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Authority[ edit ] Legal writing places heavy reliance on authority. In most legal writing, the writer must back up assertions and statements with citations to authority.
This is accomplished by a unique and complicated citation system, unlike that used in any other genre of writing. The standard methods for American legal citation are defined by two competing rule books: A Uniform System of Citation.
Different methods may be used within the United States and in other nations.
Precedent means the way things have been done before. For example, a lawyer who must prepare a contract and who has prepared a similar contract before will often re-use, with limited changes, the old contract for the new occasion. Or a lawyer who has filed a successful motion to dismiss a lawsuit may use the same or a very similar form of motion again in another case, and so on.
Many lawyers use and re-use written documents in this way and call these re-usable documents templates or, less commonly, forms. Legal writing extensively uses technical terminology that can be categorised in four ways: Specialized words and phrases unique to law, e.
Ordinary words having different meanings in law, e. This formality can take the form of long sentences, complex constructions, archaic and hyper-formal vocabulary, and a focus on Persuasive writing exercises to the exclusion of reader needs.
Some of this formality in legal writing is necessary and desirable, given the importance of some legal documents and the seriousness of the circumstances in which some legal documents are used. Yet not all formality in legal writing is justified.
To the extent that formality produces opacity and imprecision, it is undesirable. To the extent that formality hinders reader comprehension, it is less desirable. In particular, when legal content must be conveyed to nonlawyers, formality should give way to clear communication.
What is crucial in setting the level of formality in any legal document is assessing the needs and expectations of the audience. For example, an appellate brief to the highest court in a jurisdiction calls for a formal style—this shows proper respect for the court and for the legal matter at issue.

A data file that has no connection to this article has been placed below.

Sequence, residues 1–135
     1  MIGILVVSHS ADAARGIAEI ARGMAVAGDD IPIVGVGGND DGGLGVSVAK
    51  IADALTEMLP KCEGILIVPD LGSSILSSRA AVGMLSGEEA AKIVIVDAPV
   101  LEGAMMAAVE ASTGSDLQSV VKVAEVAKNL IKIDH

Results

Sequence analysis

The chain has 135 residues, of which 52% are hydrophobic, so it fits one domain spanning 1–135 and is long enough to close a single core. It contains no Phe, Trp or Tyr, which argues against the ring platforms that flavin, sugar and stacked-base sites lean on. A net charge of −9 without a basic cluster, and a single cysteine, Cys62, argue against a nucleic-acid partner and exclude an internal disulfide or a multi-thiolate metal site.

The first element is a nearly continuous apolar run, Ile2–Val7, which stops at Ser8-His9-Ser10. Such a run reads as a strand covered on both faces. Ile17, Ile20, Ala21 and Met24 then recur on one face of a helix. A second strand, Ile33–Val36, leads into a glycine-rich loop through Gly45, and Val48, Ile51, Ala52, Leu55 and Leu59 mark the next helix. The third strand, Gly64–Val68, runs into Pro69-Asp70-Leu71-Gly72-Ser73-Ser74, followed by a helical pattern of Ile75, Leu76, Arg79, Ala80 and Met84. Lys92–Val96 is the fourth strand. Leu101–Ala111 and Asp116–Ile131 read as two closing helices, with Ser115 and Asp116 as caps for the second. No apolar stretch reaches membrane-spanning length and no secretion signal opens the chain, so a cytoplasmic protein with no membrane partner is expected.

An interoffice legal memorandum to a supervisor can probably be less formal—though not colloquial—because it is an in-house decision-making tool, not a court document.
And an email message to a friend and client, updating the status of a legal matter, is appropriately informal. Transaction documents—legal drafting—fall on a similar continuum. A page merger agreement between two large corporations, in which both sides are represented by counsel, will be highly formal—and should also be accurate, precise, and airtight features not always compatible with high formality.
A commercial lease for a small company using a small office space will likely be much shorter and will require less complexity, but may still be somewhat formal. But a proxy statement allowing the members of a neighborhood association to designate their voting preferences for the next board meeting ought to be as plain as can be.
If informality aids that goal, it is justified. Yet many practicing lawyers, busy as they are with deadlines and heavy workloads, often resort to a template-based, outdated, hyperformal writing style in both analytical and transactional documents.
This is understandable, but it sometimes unfortunately perpetuates an unnecessarily formal legal writing style. Recently a variety of tools have been produced to allow writers to automate core parts of legal writing.
For example, automated tools may be used by transactional lawyers to check certain formalities while writing, and tools exist to help litigators verify citations and quotations to legal authority for motions and briefs.
Legal analysis is two-fold: In the United Statesin most law schools students must learn legal writing; the courses focus on: Although not as widely taught in law schools, legal drafting courses exist; other types of legal writing concentrate upon writing appeals or on interdisciplinary aspects of persuasion.
Predictive legal analysis[ edit ] The legal memorandum is the most common type of predictive legal analysis; it may include the client letter or legal opinion.
The legal memorandum predicts the outcome of a legal question by analyzing the authorities governing the question and the relevant facts that gave rise to the legal question. It explains and applies the authorities in predicting an outcome, and ends with advice and recommendations.
The legal memorandum also serves as record of the research done for a given legal question. Traditionally, and to meet the legal reader's expectations, it is formally organized and written.This persuasive speech sample, sent in by a visitor to this website, includes facts to support the speaker's argument and ends on a thought-provoking note.
I hope it . The Convince Me! activity is an easy way to practice persuasive writing at home, without the worry of getting a good grade. Persuasive writing puts those challenges and debates in written form.
A good piece of persuasive writing explains the issue at stake, takes a stance, and explains the stance and its opposing opinion.
Inspire your students to develop a passion for writing, practice reading comprehension, and build vocabulary and grammar skills with these language arts lesson plans. About the OWL The RSCC OWL was born June 5, It's among the oldest (and wisest) OWLs.
Don't panic when your instructor tells you that you need to write an analysis! All he or she wants is for you to take something apart to see HOW it works. Over 25 different online exercises (with examples) to help you improve your ability to write business and personal emails and letters in English, and to learn and use the vocabulary used in them.